The Good News board was in town last week. It was odd for me to not be a member of that board after serving with them for the past 12 years. They are doing a wonderful job in the arena of renewal in the UMC. Most people don’t realize that the membership of the Good News Board is made up of loyal United Methodists who long to see the church move back to the deep roots of our faith. Many are delegates to General Conference, District Superintendents, pastors, and influential lay members who pray and work to see the hand of God move in our church. I hold these people in high esteem. For many years they have warned of the tidal wave of liberal extremism that was at work in our church. Many of the things they warned us about many years ago are now front-page news. It was wonderful to see and visit with these friends, even if I was only an outsider this time. They did include us in their Thursday night banquet. I’ll let Felicia tell you about that.
Our middle son, Philip, came into Lexington this week to do some work. We were the beneficiaries of that trip with some time together this weekend. We had a great time loving on him and looking at the latest pictures of Abraham and Rachel on his computer.
Sunday morning we picked him up and traveled about an hour and a half north to a little country church, just out of Cynthiana, KY. The pastor there is a young man who is one of Philip’s best friends, Josh Hildebrand. We watched Josh and Philip grow in their friendship and love for the Lord as they shared time together in the youth group at FUMC Bedford. Those ties are strong and their friendship is a real treasure. It was wonderful to see Josh standing and clearly proclaiming the Word to his congregation. He has a real passion for Christ and a longing to see his church follow Him. It was clear that the people loved him dearly.
Josh’s wife, Christi, could use all of our prayers. She has been dealing with rheumatoid arthritis for years and suffered some serious injuries in a fall about a week ago. There is a good deal of pain and she needs to experience the healing touch of Jesus.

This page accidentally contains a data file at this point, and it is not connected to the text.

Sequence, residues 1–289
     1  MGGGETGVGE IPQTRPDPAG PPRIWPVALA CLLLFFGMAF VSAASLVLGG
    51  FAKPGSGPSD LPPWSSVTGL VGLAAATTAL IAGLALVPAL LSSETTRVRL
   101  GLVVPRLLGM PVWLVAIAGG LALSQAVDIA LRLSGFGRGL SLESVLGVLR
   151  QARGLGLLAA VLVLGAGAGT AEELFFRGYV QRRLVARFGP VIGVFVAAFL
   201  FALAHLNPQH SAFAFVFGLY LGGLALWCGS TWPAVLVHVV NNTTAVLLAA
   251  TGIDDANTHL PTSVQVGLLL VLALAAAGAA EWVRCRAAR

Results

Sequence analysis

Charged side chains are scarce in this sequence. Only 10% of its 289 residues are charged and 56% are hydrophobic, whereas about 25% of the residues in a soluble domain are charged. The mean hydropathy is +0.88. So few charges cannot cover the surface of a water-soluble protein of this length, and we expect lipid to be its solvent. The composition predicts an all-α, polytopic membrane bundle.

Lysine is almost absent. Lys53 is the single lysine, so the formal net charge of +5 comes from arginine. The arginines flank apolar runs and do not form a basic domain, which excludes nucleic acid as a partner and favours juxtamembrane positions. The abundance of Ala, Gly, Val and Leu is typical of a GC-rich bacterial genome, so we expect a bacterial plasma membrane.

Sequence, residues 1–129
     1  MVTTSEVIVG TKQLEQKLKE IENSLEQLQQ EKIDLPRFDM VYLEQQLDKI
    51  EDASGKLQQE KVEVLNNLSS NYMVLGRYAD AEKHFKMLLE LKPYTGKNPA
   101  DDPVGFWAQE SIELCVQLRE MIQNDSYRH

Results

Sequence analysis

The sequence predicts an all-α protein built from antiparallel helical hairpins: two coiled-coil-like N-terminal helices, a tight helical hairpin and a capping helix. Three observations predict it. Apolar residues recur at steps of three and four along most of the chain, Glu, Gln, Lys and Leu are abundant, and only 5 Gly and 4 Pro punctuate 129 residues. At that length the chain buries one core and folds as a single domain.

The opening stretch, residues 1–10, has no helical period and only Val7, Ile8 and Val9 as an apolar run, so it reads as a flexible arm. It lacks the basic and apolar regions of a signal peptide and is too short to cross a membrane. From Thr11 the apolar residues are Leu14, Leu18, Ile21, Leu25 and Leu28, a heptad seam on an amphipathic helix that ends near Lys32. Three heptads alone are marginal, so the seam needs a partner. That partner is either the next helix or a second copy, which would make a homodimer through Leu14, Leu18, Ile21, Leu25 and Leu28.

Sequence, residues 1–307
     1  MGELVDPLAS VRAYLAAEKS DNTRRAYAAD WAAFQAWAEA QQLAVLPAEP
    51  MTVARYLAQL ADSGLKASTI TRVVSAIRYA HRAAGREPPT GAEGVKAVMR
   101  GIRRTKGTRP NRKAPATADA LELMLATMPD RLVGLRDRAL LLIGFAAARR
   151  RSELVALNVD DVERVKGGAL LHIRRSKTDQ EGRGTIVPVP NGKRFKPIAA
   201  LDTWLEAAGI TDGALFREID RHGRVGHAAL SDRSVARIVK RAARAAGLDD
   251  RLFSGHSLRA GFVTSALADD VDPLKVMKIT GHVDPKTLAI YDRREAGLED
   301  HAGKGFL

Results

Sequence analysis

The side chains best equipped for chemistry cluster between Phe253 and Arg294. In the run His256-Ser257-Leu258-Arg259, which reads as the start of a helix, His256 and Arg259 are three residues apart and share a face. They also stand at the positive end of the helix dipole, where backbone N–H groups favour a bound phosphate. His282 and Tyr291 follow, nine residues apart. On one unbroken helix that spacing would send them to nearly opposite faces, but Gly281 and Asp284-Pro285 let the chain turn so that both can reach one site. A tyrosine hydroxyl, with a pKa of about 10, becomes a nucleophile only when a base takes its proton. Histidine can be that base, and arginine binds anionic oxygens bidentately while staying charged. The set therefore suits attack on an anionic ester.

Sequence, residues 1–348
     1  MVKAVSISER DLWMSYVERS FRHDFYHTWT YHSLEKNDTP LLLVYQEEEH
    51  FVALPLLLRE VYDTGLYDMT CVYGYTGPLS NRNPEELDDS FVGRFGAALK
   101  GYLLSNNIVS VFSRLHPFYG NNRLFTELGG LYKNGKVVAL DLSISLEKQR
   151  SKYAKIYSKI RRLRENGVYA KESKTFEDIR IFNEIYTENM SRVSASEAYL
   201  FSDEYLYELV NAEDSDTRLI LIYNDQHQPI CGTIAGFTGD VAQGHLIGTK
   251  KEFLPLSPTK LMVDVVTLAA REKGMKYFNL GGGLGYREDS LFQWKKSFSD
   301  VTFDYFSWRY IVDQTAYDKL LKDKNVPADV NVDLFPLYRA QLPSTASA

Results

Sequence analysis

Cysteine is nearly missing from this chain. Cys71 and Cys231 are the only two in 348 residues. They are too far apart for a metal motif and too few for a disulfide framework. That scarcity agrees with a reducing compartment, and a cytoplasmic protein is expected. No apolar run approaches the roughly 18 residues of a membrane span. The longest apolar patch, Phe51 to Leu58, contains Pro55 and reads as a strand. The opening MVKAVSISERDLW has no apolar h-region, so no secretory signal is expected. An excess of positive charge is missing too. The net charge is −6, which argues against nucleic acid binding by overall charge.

I will be going tomorrow to see a cardiologist in Lexington. We will look at the results of the nuclear stress test I took before coming to KY, and determine what should be done. I’m hoping to be able to start rehab next week. Please keep this as a matter of prayer.
Thanks for the prayers. It means a lot.
Wesley & Felicia
Hello from Felicia!
It was great to see friends again, most of whom we spent two intense weeks together last year at General Conference in Pittsburg, PA. We all looked quite a bit more refreshed this time! Dr. Jeff Greenway, president of Asbury Theological Seminary, was the guest speaker for the evening. He shared a wonderful perspective on the history of the seminary, sharing a little about each of the five previous presidents and what legacy each had left here that shapes the school even today. One remark he quoted by Dr. David McKenna really captured my heart, “Wilmore is not the end of the world, but you can see it from here!” Wesley & I laughed, because we had just visited the literal end of Ky Hwy 29 at High Bridge, KY, just 5 miles away. Everyone there that evening knows you have to be choosing to come to Wilmore–it’s not a town you just happen to be passing through. But that wasn’t Dr. McKenna’s point. He was referring to the rich international flavor of the seminary and the global impact the students who graduate from this institution make. Dr. Greenway told of being at a pastor’s training conference in Africa, “on the equator, 100 miles from the nearest known sin”, when a native pastor approached him and asked if he were from “the Asbury Seminary in Wilmore, KY.” When assured it was the same seminary, the pastor remarked, “I would like to study there someday!” And little Wilmore, population of less than 6,000 people, boasts the public school with the most diverse student population in the state, with 43 different nations represented at the elementary school! Amazing!!! God has brought scholars from all around the world to this tiny, out-of-the-way town to train them in the Wesleyan Holiness tradition to boldly and articulately spread the gospel of Jesus Christ. And Wesley & I get to spend a semester here among them! WOW!